Six senior aides offer to resign, in latest Blue House shake-up

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Six senior aides offer to resign, in latest Blue House shake-up

Presidential Chief of Staff Noh Young-min, left, speaks with President Moon Jae-in at the Blue House Friday. Noh and five other senior presidential aides tendered their resignation that day. [YONHAP]

Presidential Chief of Staff Noh Young-min, left, speaks with President Moon Jae-in at the Blue House Friday. Noh and five other senior presidential aides tendered their resignation that day. [YONHAP]

Presidential Chief of Staff Noh Young-min and five other senior Blue House aides tendered their resignations to President Moon Jae-in on Friday.  
 
Kang Min-seok, the Blue House spokesman, said in a statement Friday that the six aides offered to resign earlier that day “to take overall responsibility for recent situations,” without specifying further.  
 
The five other senior presidential secretaries were: Kang Gi-jung for political affairs; Yoon Do-han for public affairs; Kim Jo-won for civil affairs; Kim Geo-sung for civil society; and Kim Oe-sook for personnel management.
 
The Blue House has stressed the importance of presidential aides setting an example of the government’s sincerity in its real estate policy, urging officials to sell all properties except for one, a message that has been emphasized by Noh.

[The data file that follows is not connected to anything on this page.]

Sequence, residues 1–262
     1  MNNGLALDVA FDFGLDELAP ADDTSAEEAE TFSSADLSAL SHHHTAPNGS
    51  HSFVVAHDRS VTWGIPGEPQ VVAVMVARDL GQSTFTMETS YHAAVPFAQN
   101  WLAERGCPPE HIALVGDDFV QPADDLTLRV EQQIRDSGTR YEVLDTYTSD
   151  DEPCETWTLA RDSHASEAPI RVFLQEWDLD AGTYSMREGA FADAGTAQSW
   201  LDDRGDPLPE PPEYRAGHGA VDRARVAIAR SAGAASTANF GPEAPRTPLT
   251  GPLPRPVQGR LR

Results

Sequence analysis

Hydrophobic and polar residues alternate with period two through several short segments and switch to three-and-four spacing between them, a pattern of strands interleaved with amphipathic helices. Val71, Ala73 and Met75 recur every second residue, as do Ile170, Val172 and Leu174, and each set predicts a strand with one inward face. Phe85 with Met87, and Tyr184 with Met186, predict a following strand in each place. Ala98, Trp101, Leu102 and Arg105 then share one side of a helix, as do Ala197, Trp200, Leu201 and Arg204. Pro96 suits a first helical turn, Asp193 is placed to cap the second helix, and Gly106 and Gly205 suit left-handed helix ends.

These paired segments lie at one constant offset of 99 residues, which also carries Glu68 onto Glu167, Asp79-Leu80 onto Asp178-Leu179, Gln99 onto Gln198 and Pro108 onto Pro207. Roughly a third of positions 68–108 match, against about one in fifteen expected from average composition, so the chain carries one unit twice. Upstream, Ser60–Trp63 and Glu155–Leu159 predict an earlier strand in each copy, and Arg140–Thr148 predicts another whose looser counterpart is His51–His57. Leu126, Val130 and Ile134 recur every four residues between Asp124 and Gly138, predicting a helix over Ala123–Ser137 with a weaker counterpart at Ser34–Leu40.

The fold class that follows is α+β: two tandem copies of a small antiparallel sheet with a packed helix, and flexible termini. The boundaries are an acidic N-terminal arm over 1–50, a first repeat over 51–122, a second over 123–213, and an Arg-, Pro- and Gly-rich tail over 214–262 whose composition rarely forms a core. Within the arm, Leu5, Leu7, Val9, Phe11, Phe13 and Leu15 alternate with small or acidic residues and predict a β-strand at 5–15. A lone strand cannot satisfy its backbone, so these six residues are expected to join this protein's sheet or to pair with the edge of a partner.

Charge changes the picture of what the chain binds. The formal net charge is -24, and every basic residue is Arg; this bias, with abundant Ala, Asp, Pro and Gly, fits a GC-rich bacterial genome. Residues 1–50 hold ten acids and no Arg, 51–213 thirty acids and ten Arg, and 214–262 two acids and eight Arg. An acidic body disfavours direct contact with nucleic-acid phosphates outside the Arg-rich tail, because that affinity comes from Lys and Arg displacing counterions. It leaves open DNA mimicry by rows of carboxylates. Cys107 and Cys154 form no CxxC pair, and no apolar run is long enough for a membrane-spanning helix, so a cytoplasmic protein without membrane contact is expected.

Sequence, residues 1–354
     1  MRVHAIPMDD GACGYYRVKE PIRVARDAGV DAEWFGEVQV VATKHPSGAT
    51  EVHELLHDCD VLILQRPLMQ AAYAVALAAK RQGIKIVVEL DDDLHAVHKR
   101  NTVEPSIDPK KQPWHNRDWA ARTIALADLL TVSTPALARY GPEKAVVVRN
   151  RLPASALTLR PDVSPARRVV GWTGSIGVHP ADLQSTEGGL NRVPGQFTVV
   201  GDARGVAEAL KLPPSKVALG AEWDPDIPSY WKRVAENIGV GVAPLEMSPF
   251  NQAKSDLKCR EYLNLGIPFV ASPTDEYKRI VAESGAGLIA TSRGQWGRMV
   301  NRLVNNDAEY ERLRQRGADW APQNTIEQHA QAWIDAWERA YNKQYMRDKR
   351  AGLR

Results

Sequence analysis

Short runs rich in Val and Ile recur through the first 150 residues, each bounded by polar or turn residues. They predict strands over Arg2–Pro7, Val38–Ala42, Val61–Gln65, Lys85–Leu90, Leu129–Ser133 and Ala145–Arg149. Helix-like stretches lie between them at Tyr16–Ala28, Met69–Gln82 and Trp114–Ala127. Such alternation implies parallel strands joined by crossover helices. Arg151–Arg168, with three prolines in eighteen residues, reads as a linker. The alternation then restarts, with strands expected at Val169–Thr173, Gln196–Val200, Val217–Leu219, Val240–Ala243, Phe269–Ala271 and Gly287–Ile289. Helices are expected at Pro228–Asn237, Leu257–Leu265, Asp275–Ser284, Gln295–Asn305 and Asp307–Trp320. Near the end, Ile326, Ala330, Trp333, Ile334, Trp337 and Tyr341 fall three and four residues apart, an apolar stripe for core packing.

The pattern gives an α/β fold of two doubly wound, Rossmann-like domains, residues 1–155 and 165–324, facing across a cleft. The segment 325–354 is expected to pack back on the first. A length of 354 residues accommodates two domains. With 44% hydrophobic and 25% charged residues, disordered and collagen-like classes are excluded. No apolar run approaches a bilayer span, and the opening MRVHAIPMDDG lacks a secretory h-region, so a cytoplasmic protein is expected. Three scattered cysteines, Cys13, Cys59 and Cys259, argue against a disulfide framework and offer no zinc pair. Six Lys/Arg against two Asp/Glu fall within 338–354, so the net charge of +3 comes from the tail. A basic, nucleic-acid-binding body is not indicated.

Noh, among other presidential aides, faced public criticism for his poor handling of his ownership of multiple homes, contradicting the administration's real estate policy to prevent speculation and keep housing prices from rising.
 
Noh faced backlash last month over a decision to keep his home in Banpo District of Seoul and sell a second home in Cheongju, North Chungcheong, where he was elected three times as a lawmaker.
 
“Chief of Staff Noh made a comprehensive decision," a Blue House official said, when asked if the resignation was due to criticism of real estate policies.
 
The official also declined to comment on who their potential successors will be if Moon accepts their resignations.
 
This marks the first time presidential senior aides offered to resign en masse since Moon took office in May 2017.
 
Three of the four secretaries replaced by Moon on July 24 were owners of multiple properties.
 
Moon’s approval ratings have decreased in recent weeks, falling to 44.5 percent according to a survey released by pollster Realmeter Wednesday. The drop was seen as a reflection of public discontent with the government's real estate policies, among other issues.
 
BY SARAH KIM   [kim.sarah@joongang.co.kr]
 

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